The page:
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upon the Midland system, there is no through carriage to Edinburgh, unless we occasionally have a family going down, and then we make an especial arrangement, and apply for a special carriage to go through. We have applied in vain for through carriages to Scotland over and over again.” And so the Midland had no alternative but to have a line of their own. When it was known at Appleby that their Bill had passed the Commons, the church bells were rung, and, as was quaintly remarked, the people wrote to the newspapers, and did all that was proper under the circumstances. No wonder Appleby rejoiced and was glad; for, though the county town of Westmoreland, it is not much of a place after all, and the railway must have been a boon to the natives—especially to the ladies, who otherwise, it is to be feared, would have wasted their sweetness on the desert air. On Monday, the 2nd of August, 1875, after an expenditure of three millions, the Settle and Carlisle line was opened for goods traffic. It must have been an awful undertaking, the making of it. “I declare,” said a rhetorical farmer, “there is not a level piece of ground big enough to build a house upon all the way between Settle and Carlisle.” An ascent had to be made to a height of more than a thousand feet above the level of the sea, by an incline that should be easy enough for the swiftest passenger expresses and for the heaviest mineral trains to pass securely and punctually up and down, not only in the light days of summer, but in the darkest and “greasiest” December nights. To construct it the men had to cut the boulder clay—very unpleasant stuff to deal with—to hew through granite, to build on morasses and dismal swamps. Near the southernmost end of the valley, watered by the roaring Ribble, the town of Settle stands among wooded hills, overhung by a lofty limestone rock called Castlebar; while far beyond on the left and right rise, above the sea of mountains, the mighty outlines of Whernside and Pennegent, often hid in the dark clouds of trailing mists. Up the valley the new line runs, pursuing its way among perhaps the loneliest dales, the wildest mountain wastes, and the scantiest population of any part of England. Three miles from Settle we reach Stainforth Force, and just beyond are the remains of a Roman camp. At Batty Green the navvies declared that they were in one of the wildest, windiest, coldest, and dreariest localities in the world. In the old coaching days the journey across these wilds was most disagreeable and trying. It was no unusual thing, we read, for rain to come down upon the travellers in torrents; for snow to fall in darkened flakes or driving showers of powdered ice; for winds to blow and howl with hurricane force, bewildering to man and beast; for frost to bite and benumb both hands and face till feeling was almost gone; and for hail and sleet to blind the traveller’s eyes and to make his face smart as if beaten with a myriad of slender cords. In Dent Dale, which is almost ten miles in length, the scenery is remarkably fine. Nearly five hundred feet below, now sparkling in the sunlight, now losing itself among some clusters of trees, winds the river Dee; while first on one side and then on the other is the road that leads to Sedbergh. Leaving the tunnel, we find ourselves in Garsdale, in a milder clime and amidst more attractive scenery. Some four hundred feet below us the river may be observed winding over its rocky bed in the direction of Sedbergh, while we get extensive views on the west. Presently we see the Moorside Inn, a far-famed hostelry abounding in mountain dew, standing at the head of the valleys—the Wensleydale, winding eastward towards Hawes; the Garsdale Valley, going westward towards Sedbergh; and the Mallerstang, leading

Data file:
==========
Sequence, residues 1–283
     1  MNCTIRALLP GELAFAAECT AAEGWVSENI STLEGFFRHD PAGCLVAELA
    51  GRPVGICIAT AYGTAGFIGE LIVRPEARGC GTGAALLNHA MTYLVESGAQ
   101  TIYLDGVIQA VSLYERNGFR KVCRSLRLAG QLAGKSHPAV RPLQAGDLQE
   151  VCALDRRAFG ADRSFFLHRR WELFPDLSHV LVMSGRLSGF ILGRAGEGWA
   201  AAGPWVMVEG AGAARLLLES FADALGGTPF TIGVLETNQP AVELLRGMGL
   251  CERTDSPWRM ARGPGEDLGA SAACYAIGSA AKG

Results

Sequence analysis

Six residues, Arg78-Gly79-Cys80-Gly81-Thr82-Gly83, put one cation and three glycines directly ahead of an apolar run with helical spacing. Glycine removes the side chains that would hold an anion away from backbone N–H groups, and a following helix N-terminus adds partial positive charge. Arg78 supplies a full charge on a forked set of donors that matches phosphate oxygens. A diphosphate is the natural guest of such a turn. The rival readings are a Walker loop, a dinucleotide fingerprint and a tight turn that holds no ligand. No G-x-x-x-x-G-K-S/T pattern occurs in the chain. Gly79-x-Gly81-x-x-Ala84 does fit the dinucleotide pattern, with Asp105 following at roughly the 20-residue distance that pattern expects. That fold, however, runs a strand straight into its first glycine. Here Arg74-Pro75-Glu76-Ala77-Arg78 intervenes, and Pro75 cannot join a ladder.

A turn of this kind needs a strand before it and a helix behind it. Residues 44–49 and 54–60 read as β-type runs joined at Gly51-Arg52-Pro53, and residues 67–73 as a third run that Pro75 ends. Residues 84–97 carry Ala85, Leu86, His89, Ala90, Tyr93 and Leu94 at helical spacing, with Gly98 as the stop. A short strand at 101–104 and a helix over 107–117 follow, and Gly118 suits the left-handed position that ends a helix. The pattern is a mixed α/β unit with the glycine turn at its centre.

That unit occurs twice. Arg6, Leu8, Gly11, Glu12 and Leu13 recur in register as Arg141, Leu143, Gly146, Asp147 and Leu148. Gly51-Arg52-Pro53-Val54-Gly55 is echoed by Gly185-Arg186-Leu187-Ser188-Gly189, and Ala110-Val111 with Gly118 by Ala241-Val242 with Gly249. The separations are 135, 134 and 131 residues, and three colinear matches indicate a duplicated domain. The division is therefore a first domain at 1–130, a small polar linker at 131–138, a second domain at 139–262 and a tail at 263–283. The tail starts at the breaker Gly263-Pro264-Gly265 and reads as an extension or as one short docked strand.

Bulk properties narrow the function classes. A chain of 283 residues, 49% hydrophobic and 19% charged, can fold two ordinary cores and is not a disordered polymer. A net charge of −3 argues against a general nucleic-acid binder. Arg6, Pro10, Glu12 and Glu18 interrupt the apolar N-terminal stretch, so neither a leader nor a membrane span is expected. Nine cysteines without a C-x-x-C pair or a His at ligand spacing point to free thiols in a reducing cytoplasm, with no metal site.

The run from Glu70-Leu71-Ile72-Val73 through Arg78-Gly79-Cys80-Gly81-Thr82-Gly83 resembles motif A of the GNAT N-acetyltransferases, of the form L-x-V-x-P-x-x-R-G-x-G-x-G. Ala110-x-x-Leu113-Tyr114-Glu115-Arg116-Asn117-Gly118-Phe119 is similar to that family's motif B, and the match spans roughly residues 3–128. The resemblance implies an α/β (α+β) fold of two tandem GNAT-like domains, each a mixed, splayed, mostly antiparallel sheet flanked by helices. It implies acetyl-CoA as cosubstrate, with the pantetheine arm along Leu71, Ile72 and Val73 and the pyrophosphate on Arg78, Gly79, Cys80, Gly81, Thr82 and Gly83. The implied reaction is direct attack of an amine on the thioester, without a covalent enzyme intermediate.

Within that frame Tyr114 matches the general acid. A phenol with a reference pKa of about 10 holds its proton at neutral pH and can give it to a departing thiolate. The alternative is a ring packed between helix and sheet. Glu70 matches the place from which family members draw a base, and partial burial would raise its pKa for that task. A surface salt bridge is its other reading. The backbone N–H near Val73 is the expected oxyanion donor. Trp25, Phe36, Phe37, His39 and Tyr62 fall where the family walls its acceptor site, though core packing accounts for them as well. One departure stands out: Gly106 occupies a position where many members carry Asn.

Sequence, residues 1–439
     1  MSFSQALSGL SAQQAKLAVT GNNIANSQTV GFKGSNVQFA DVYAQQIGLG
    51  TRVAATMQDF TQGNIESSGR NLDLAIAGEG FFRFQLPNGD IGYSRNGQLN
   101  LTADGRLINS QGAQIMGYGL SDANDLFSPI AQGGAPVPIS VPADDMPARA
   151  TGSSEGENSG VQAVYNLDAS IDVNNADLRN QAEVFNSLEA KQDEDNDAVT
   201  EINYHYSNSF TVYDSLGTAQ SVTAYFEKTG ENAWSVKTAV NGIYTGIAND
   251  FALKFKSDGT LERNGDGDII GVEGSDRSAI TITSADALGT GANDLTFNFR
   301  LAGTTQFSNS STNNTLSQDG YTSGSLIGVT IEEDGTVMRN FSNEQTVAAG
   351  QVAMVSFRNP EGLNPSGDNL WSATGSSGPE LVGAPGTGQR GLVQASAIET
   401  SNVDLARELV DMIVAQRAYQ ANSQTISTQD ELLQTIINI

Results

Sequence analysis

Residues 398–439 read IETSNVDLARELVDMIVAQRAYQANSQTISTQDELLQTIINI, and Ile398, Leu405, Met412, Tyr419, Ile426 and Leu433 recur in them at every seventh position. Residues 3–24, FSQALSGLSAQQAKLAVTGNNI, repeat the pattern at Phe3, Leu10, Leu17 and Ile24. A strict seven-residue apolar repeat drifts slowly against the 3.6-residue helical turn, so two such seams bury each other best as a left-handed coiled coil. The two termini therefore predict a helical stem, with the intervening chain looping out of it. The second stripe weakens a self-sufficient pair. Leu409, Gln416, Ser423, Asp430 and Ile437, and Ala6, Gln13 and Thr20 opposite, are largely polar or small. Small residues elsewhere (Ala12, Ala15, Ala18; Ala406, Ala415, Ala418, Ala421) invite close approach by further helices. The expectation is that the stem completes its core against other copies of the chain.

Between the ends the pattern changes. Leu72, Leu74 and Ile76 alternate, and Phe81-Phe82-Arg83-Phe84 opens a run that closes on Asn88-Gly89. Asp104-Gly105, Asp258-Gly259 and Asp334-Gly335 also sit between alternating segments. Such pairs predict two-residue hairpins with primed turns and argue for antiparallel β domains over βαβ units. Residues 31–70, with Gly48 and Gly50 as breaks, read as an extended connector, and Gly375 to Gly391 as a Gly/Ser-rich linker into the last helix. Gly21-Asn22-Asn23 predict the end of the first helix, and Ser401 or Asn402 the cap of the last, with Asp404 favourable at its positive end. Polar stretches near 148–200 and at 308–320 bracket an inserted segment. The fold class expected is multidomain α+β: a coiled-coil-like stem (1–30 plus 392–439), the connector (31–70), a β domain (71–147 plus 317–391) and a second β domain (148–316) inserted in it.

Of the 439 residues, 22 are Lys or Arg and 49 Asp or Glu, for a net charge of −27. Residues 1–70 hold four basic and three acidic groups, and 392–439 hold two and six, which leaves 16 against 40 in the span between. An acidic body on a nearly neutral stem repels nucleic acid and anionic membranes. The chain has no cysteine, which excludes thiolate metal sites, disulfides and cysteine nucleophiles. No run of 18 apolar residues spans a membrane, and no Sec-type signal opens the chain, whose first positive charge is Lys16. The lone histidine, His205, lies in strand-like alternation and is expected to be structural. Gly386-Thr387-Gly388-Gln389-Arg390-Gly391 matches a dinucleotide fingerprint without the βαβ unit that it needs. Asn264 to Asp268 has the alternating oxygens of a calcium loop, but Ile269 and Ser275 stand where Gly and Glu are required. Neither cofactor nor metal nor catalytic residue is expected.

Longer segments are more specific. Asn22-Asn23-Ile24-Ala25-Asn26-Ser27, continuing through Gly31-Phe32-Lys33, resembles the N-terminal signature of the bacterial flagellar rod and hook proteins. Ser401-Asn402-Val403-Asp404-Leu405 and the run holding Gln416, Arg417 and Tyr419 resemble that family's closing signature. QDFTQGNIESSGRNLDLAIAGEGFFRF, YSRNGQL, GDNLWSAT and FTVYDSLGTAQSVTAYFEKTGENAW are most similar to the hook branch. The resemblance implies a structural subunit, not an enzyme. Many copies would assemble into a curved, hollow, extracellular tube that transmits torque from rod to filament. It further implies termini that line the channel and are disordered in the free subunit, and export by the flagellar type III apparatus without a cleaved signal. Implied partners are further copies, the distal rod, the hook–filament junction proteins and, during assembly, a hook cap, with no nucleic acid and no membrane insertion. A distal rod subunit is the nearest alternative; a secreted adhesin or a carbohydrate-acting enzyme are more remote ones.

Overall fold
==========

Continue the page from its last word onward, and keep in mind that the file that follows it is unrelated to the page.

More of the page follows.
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northwards towards Kirkby Stephen. At Ais Gill Moor the line attains its highest altitude, 1,167 feet above the sea, from whence it falls uninterruptedly down to Carlisle. The country here is very wild and rugged. Stone walls mark the division of the properties, and scarcely any house can be seen. On the west the grandly impressive form of Wild Boar Fell rises. Still higher on the east is Mallerstang Edge. In the winter you can well believe that along this valley sweeps the wind in bitter blasts. Three miles after we have left the Moor Loch we are in Cumberland, and are reminded of other days when all the old manor-houses and other edifices were built for defence against the invasions of the Picts. Though the upper part of the Eden valley is now occupied by a few industrious farmers and peaceful shepherds, we instinctively think of the time when the slogan of border chiefs and their clansmen sent a thrill of terror through Mallerstang, and when sword and fire did terrible work to man and beast. Here is Wild Boar Fell, where, says tradition, the last wild boar was killed by one of the Musgrave family; and there in a narrow dale, overlooked by mountains and washed by the Eden, are the crumbling ruins of a square tower—all, alas! that remains of Pendragon Castle. About a mile before we come to Kirkby Stephen we pass on our right Wharton Hall, the seat of the now extinct dukes of that name. Near the town are two objects of especial interest—the Ewbank Scar and Stenkrith Falls. The sight from Ormside Viaduct is wonderfully fine. Appleby, as seen from the line, has a very pleasing appearance. The railway runs past Eden Hall, the residence of Sir Richard Musgrave, the chief of the clan of that name. At the summit of a hill, near the Eden Lacy Viaduct, we find the remains of a Druid’s temple, known by the name of “Long Meg and her Daughters.” Close by is Lazonby, a village in the midst of interesting historical associations. As we pass through the ancient forest, we would fain stop and linger, as the scenery about here is deeply romantic, as much so as that of Derbyshire. At Armathwaite the beauty of the district culminates; and we gaze with rapture at its ancient quaint square castle, its picturesque viaduct of nine arches eighty feet high, its road bridge of freestone, its cataract, and its elm—said to be the finest in Cumberland. At Carlisle there is a fine railway hotel, which you enter by a side door from the platform, and where the traveller may attain such refreshment as he requires. Indeed, it is open to the public on the same reasonable terms as the London Tavern when it was the head-quarters of aldermanic turtle. The town is delightfully clean, and has many interesting associations; and as I stood upon the ramparts of the castle there on my return, smoking a cigar, there came to me memories of William Rufus, who built the wall, and planted in the town the industrious Flemings; of King David of Scotland; of Wallace, the Scottish hero, who quartered his troops there; of Cromwell, “our chief of men,” as Milton calls him; and of the Pretenders, father and son. It is with interest I look at the church of St. Mary, remembering, as I do, that it was there Sir Walter Scott was married. I am told the interior of the cathedral is very beautiful, and crowded with memorials of a truly interesting character. Externally the place looks in good condition, as it was repaired as lately as 1853–6. Altogether the town appears comfortable, as it ought to do, considering it has extensive founderies and breweries, manufactories of woollen, linen, cotton, and other fabrics; communication with six lines of railway; a canal, two rivers, and two local newspapers. Nor is Carlisle ungrateful. I find in its market-place a statue to Lord Lonsdale, who has much property in these parts. One can tarry there